In August 2023 we will commence building our third subscription viewing facility – Another new substantial hide on stilt legs. It will be positioned on the North Spit overlooking the NE bay reed bed and East shore marshes and significantly closer to our Eastern boundary.
TOE – whom awarded us the grant to carry out all the significant work on Lea Farm Lake, has now invited LWT to bid for further money. An initial outline proposal has been submitted for consideration and if accepted would allow us to
- Develop the South spit area creating two new islands
- On the very tip for nesting waders and Shelduck
- Around the big Oak and install an Osprey nesting tower
- Repair and improve Sand Martin wall
- Further create shallow edges and offer a view into the SE bay
- Transport the spoil to the NE bay to expand the marsh another 15% including more mud
Summer 2022 we built the Waitrose Screen which now offers a whole new angle to view Lea Farm Lake from and will serve a fantastic place to see Snipe, Water Rail and other secretive species as the reed beds mature.
Late summer 2022 we carried out essential Crassula removal along the NW & NE bay shoreline, the latter also benefited from a slight rework of the shallow margins to improve the appeal to waders.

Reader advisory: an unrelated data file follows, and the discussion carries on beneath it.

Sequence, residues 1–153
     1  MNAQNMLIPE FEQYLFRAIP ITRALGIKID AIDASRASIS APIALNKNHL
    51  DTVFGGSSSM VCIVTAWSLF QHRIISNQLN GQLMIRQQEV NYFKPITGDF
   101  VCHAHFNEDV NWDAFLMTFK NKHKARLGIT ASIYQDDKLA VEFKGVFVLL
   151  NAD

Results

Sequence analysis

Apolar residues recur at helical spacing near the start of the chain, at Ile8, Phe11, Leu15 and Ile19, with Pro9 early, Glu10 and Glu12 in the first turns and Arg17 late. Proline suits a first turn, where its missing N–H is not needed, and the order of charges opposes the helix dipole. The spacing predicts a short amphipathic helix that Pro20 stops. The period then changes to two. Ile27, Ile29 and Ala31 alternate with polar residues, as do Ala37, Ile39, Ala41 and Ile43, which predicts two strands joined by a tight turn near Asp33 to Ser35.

In autumn 2020 LWT carried out it’s largest conservation project at Lea Farm Lake, over 1 hectare of new reed beds and over 1 hectare of marshes were created thanks to Network Rail grant funding.
In 3-5 years as the reeds establish, species that breed in Phragmites reed will increase greatly, 10-15 pairs of Reed Warbler, 5+ pairs of Reed Bunting, 2-5 pairs of Sedge Warblers, hopefully 2-3 pairs of Cetti’s and if we are really lucky Grasshopper Warbler and Water Rail.
In the winter we could see double figures of Water Rail and where we plan to cut extensive areas of reed to create muddy stubble, Snipe numbers could rocket to 300+, no doubt bringing Jack Snipe every winter. The area has always been good for Bittern, so we hope to see 2-3 birds from 2023 onwards.